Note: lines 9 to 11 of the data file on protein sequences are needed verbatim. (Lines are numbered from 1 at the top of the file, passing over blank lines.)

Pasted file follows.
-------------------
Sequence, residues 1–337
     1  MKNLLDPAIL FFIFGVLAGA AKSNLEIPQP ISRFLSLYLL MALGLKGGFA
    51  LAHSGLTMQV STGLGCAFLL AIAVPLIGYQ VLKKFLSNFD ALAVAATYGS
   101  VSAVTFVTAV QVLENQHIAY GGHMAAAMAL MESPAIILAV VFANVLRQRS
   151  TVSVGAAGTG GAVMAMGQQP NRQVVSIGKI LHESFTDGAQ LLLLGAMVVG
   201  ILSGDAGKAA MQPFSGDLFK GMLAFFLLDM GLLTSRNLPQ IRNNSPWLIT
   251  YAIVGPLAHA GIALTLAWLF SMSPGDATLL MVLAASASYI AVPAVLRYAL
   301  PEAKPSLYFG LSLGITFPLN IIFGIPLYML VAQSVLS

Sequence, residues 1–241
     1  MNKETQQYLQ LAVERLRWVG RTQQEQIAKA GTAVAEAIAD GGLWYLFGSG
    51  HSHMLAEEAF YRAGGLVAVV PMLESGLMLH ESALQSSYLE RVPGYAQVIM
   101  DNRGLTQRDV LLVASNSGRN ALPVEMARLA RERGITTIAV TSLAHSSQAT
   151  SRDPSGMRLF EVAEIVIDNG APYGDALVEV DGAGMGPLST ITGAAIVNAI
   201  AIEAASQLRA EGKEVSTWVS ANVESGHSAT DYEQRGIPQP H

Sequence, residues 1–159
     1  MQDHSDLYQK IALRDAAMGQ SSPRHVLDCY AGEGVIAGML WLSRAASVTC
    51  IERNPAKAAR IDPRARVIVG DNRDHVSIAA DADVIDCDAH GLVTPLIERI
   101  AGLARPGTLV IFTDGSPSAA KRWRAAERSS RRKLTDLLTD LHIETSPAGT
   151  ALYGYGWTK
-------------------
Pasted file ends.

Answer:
Sequence, residues 1–241
     1  MNKETQQYLQ LAVERLRWVG RTQQEQIAKA GTAVAEAIAD GGLWYLFGSG
    51  HSHMLAEEAF YRAGGLVAVV PMLESGLMLH ESALQSSYLE RVPGYAQVIM